Nova Pioneer recently celebrated its valedictory ceremony for its Grade 12 students at Ormonde Secondary. The ceremony, which took place at the campus, saw students and staff maintaining all social distance protocols as well as live streaming for those students, speakers and family members who were unable to attend in person.
“Nova Pioneer is proud of how quickly our students and teachers were able to adapt to learning during the pandemic this year. Because we follow the Cambridge curriculum, three groups of pupils sat exit exams over this time: Grade 11 (IGCSE), Grade 12 (AS) and Grade 13 (A-levels). All of these students had to pivot between ‘normal’ school, fully online and hybrid delivery systems while preparing for these high-stakes exams. We are incredibly proud of the perseverance and can-do approach that they displayed at all times”, says Theun Opperman, Head of School at Nova Pioneer Ormonde Secondary.
2020 presented unprecedented challenges, with schools mandated to close in March. As a result, Nova Pioneer shifted immediately to virtual learning to support the continued learning of students. The anxiety associated with this sudden change was felt by all students and parents, but none more so than those in their final year of school.
Ntando Makwela, the author of “The Dynamic Kid” and a student at Nova Pioneer Ormonde, started his address at the Grade 12 valedictory ceremony by saying that his class needed to celebrate the fact that one skill they have acquired through this year is ‘resilience’.
“The class of 2020 have developed the skill of being able to learn on their own, with teacher support that looked and felt very different, through online platforms that have become their school experience in March. They were always very aware that they would be writing international exams and as such had no choice but to leverage technology and each other throughout this period”, says Ntando Mlilo, Dean of Students at Ormonde Secondary.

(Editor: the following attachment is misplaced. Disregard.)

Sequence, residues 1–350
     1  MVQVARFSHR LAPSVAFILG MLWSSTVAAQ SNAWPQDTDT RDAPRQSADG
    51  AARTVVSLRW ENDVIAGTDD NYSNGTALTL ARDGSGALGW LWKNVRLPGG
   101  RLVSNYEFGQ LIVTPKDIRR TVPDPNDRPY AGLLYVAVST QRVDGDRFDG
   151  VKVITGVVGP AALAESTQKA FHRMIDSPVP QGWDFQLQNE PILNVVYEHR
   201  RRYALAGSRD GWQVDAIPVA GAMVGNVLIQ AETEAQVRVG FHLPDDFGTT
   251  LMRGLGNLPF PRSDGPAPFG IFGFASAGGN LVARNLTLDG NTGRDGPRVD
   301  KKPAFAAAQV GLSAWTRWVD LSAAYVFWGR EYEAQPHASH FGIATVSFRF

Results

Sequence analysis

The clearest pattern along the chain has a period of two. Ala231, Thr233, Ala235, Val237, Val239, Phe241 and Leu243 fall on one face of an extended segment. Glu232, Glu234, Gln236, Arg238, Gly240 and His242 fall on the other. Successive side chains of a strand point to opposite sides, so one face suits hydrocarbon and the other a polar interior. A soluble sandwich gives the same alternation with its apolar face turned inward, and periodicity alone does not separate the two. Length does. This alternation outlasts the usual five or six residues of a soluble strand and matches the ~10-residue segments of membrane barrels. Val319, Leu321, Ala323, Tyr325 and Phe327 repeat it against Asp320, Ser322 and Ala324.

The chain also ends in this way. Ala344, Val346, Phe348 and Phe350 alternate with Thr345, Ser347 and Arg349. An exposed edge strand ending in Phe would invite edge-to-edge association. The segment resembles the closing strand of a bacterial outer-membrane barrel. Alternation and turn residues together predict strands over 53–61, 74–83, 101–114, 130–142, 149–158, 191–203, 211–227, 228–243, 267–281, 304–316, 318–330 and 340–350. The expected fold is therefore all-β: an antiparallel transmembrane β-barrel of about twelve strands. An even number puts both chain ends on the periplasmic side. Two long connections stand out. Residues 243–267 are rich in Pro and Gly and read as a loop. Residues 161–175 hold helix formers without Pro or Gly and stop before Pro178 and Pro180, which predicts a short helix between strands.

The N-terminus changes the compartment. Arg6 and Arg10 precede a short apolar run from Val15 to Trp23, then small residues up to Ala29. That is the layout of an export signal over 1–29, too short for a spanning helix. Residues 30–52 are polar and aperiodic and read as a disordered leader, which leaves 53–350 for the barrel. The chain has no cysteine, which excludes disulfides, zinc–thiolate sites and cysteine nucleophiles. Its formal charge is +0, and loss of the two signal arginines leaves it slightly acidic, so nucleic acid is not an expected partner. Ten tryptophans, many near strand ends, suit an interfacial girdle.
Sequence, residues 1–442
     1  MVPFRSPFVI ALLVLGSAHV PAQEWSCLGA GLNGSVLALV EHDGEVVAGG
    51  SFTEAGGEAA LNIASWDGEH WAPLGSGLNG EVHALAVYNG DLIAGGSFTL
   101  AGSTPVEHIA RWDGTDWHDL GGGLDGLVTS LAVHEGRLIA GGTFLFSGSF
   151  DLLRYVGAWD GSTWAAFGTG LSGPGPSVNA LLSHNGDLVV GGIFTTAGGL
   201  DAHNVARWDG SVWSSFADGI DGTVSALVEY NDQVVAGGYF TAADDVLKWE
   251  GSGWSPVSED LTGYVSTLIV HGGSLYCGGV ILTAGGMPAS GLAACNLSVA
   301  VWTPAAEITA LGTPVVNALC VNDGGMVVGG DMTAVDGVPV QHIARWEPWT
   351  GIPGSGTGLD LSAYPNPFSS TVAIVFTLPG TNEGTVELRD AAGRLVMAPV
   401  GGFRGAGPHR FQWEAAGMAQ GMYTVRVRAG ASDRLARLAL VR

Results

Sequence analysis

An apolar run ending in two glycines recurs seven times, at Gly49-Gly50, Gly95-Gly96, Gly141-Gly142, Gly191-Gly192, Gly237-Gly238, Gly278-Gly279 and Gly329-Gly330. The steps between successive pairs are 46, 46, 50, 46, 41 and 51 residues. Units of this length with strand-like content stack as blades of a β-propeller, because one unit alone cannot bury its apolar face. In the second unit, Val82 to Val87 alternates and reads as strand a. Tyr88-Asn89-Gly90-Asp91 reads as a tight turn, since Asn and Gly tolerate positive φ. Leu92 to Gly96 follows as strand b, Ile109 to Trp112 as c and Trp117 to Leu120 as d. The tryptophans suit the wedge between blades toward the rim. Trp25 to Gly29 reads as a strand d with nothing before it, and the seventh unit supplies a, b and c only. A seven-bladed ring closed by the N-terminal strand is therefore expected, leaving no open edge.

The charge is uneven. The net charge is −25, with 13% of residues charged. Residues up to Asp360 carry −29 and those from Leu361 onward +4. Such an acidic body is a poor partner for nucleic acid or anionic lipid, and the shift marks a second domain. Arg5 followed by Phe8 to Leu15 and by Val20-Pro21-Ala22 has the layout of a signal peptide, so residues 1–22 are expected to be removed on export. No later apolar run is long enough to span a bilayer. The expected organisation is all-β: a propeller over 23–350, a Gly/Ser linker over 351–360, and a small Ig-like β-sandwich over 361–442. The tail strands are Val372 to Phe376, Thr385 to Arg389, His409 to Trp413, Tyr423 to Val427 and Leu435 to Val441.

“One of the biggest achievements of the class of 2020 was to maintain the connection in the school throughout this remote climate. This was achieved through having school-wide conversations around topical issues, such as ‘Black Lives Matter’ and ‘Gender-based violence’. Planned and moderated by students, these termly conversations ensured a sense of unity within the student body. What one can learn from the class of 2020 is that resilience is built when young people are given the opportunity and platform to independently persevere through challenging times”, says Mlilo.
Nova Pioneer is a proudly African independent school network that builds and operates world-class facilities offering affordable education. As a testament to its commitment and perseverance to excellence, Nova Pioneer is celebrating some fantastic achievements from its second class of Grade 12’s since opening in 2015.
The Nova Pioneer concept is the brainchild of Chinezi Chijioke whose vision is to produce world-class African leaders and thinkers who will power the continent forward. The Harvard and Stanford graduate has a life-long passion for education and always dreamed of being a part of a team that would develop schools across Africa to unleash the incredible potential of the continent’s youth.
Part of Chijioke’s vision was to offer a holistic education to his students. This meant not only attending to their scholastic needs but also building character. “Our vision of a Novaneer is centered on three ‘C’s: character, capabilities, and connection. The three together equip our students to solve problems, take on challenges and shape the world for the better. Among the three Cs, the first is Character, because it is the foundation upon which distinctive capabilities, or the connections of a strong community, are built,” says Chinezi.